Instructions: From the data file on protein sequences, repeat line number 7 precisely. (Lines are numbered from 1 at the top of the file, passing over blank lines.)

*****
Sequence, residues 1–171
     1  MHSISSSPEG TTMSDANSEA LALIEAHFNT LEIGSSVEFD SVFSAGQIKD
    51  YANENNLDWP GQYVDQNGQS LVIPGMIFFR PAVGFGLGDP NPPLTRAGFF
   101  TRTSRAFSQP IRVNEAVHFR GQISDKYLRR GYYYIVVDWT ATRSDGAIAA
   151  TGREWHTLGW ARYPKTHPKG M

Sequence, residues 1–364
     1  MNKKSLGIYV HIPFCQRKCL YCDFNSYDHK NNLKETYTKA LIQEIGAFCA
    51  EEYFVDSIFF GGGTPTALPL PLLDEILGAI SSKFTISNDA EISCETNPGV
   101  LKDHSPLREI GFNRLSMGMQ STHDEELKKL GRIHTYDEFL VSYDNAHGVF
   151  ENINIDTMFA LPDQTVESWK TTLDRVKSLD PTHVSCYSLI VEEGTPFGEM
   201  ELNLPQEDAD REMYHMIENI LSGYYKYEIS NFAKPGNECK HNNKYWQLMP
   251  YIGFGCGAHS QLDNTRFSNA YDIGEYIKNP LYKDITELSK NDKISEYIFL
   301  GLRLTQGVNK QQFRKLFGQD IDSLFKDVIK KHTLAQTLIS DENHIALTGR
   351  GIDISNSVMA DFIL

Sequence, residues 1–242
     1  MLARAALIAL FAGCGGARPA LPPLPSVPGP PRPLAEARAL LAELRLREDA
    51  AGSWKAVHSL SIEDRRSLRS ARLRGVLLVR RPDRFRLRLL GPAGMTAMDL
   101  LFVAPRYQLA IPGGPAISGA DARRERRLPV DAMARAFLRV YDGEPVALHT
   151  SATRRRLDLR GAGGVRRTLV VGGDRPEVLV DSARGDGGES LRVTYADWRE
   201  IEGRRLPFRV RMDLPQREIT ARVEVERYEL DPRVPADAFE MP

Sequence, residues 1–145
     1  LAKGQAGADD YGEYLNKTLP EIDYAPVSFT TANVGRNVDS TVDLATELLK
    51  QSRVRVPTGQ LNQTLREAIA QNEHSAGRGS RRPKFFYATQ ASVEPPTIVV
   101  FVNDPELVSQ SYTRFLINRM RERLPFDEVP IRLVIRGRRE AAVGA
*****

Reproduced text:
     1  MNKKSLGIYV HIPFCQRKCL YCDFNSYDHK NNLKETYTKA LIQEIGAFCA